14 When the time came, Yeshua and the emissaries reclined at the table, 15 and he said to them, “I have really wanted so much to celebrate this Meal with you before I die! 16 For I tell you, it is certain that I will not celebrate it again until it is given its full meaning in the Kingdom of God.”
17 Then, taking a cup of wine, he made the blessing and said, “Take this and share it among yourselves. 18 For I tell you that from now on, I will not drink the ‘fruit of the vine’ until the Kingdom of God comes.” 19 Also, taking a piece of unleavened bread, he made the blessing, broke it, gave it to them and said, “This is my body, which is being given for you; do this in memory of me.” 20 He did the same with the cup after the meal, saying, “This cup is the New Covenant, ratified by my blood, which is being poured out for you.
21 “But look! The person who is betraying me is here at the table with me! 22 The Son of Man is going to his death according to God’s plan, but woe to that man by whom he is being betrayed!” 23 They began asking each other which of them could be about to do such a thing.
24 An argument arose among them as to which of them should be considered the greatest. 25 But Yeshua said to them, “The kings of the Gentiles lord it over them; and those in authority over them are given the title, ‘Benefactor.’ 26 But not so with you! On the contrary, let the greater among you become like the younger, and one who rules like one who serves. 27 For who is greater? The one reclining at the table? or the one who serves? It’s the one reclining at the table, isn’t it? But I myself am among you like one who serves.
Luke may have used Mark’s gospel at this point, but he probably also had another source of information about the Meal, and he chose to place the story of the disciples’ argument about greatness at this point. Only Luke gives Jesus’ words, “I am among you like one who serves.”
Luke also prefaces the Meal with Jesus’ warm words about his longing to share the Meal before his death. He wants to emphasise Jesus’ affection for his disciples. That raises the question as to who attended this Meal. The gospels limit it to the 12 apostles, which is after all a symbolic number, representing the new Israel. Jesus had more disciples than that, including women. We should interpret Luke’s “the 12″ as including the whole family of disciples.
Luke shows Jesus’ correctly beginning the Meal with a the sharing of wine and a blessing, accompanied by his words of self- dedication, that he will not drink wine until the kingdom has come. Then he shares the unleavened bread, the sign of the exodus from slavery in Egypt, which he identifies with his own body, given for his disciples. Their liberation will come through his death. There is an unspoken parallel here between Jesus and the firstborn of the Egyptians whose deaths allowed Israel to escape. In this case it’s the child of God who is struck by the Angel of death. Luke means his audience to see this parallel and to appreciate that Jesus, the Son of Man and representative of the humane Rule of God, will suffer on their behalf because he alone will be faithful to that Rule, he alone will oppose the powers of evil to the end.
The second cup of wine, after the Meal, is identified with Jesus’ blood, with his death on the execution stake, which in turn is said to ratify the New Covenant. This replaces the Mosaic covenant, which was sealed with the blood of a sacrificed animal. Here Jesus takes the place of the victim; he offers himself so that his people may conclude a new agreement with God. This must not be interpreted in a ritualistic way. As Jesus’ whole ministry had been an identification with the victims of power and religion, his death is the inevitable conclusion of that ministry, opening up for his people a new agreement with God’s Rule which takes the side of the victim. Luke has Jesus say that his blood is poured out ‘for you”, that is for his disciples, his people, which is in plain contradiction to Mark’s gospel which quotes Jesus as saying it is poured out “for many”, a Jewish away of saying, “for all nations.”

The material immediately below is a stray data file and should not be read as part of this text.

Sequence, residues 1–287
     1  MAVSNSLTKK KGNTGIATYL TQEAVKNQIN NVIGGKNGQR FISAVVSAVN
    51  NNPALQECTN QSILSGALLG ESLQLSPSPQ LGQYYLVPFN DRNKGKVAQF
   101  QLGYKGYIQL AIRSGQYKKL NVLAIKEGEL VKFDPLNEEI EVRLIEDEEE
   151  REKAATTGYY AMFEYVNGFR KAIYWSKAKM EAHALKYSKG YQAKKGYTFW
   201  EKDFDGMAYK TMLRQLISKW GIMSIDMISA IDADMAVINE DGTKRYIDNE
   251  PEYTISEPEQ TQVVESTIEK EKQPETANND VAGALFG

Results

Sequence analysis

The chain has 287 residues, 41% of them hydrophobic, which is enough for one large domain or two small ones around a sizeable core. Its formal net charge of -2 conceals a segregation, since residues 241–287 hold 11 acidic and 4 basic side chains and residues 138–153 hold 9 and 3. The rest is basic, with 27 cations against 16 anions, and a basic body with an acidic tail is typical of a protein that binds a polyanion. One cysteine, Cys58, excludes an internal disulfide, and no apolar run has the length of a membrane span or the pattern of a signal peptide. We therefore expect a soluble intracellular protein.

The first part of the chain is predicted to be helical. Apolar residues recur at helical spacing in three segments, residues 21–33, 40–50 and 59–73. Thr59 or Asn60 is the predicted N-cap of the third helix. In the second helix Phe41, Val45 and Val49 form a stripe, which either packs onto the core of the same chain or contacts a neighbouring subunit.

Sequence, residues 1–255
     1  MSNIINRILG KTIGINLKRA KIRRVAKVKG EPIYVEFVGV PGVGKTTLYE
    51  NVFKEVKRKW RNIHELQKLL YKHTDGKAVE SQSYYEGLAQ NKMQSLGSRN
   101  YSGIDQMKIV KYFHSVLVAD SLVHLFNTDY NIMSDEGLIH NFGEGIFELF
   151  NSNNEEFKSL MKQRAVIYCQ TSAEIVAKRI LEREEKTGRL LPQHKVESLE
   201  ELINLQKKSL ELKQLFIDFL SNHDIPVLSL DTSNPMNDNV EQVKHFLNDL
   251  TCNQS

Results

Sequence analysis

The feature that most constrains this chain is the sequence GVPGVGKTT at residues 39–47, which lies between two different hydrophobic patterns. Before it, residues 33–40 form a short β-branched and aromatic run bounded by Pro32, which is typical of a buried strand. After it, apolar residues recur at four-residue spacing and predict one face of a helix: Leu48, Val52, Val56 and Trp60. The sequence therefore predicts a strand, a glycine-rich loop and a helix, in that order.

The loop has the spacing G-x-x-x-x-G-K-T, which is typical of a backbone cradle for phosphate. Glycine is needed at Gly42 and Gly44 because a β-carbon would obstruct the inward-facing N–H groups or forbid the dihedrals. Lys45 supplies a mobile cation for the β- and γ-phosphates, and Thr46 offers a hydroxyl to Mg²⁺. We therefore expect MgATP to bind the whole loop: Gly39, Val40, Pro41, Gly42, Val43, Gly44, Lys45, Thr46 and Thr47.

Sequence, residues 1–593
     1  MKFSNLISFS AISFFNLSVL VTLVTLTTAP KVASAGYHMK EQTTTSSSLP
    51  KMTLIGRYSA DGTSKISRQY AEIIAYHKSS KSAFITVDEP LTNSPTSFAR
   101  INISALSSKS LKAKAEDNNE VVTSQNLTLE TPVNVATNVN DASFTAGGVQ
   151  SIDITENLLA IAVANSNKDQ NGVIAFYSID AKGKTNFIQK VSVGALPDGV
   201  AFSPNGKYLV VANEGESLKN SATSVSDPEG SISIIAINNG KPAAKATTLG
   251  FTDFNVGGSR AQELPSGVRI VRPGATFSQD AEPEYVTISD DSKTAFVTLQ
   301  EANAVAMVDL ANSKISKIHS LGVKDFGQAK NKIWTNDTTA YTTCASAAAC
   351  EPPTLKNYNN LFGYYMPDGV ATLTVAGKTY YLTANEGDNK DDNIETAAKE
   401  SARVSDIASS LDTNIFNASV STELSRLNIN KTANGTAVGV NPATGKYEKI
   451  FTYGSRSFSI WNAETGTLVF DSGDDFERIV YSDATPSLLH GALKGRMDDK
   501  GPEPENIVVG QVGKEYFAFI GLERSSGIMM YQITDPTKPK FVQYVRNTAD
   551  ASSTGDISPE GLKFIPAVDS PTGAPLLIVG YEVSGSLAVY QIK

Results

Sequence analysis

In all the gospels the betrayer is present at the meal, and known to the reader. Luke follows Mark in understanding Jesus’ death as part of a divine mission (part of God’s plan) which however does not remove the guilt of the traitor. Nowhere is the gospel tradition is there any notion of forgiveness for Judas.
He however is not presented as the only opposition to Jesus from within the group of disciples. Luke places the dispute about status at this point. He does so in order to show that the longing for power is an utter contradiction to the way of Jesus, symbolised in the Meal. Jesus’ reply which is found only in Luke, exposes the arrogance of worldly rulers and the flattery given to great men, and points to the Meal as a model of his way, which is to be theirs. He, the master, is amongst them like a servant. He, the representative of God’s Rule will perform the true service of dying for liberation of God’s people; he, in identification with the victims, will seal God’s new agreement with humanity.
Jesus’ upside down model of hierarchy has not much been followed in his churches, at least since the time when the church became allied with the Roman Empire. Especially those churches that celebrate the Meal of Jesus with great pomp and ceremony, should look to its plain meaning and turn towards the one who is amongst them as a servant. No amount of pious nonsense about humility can excuse clergy who live in security and affluence.
But in truth all believers bring their sins and treachery to the table of Jesus. I always, like the disciples, ask, “Lord, is it me, the traitor?” And the answer is always the nod and the smile that says,”yes.”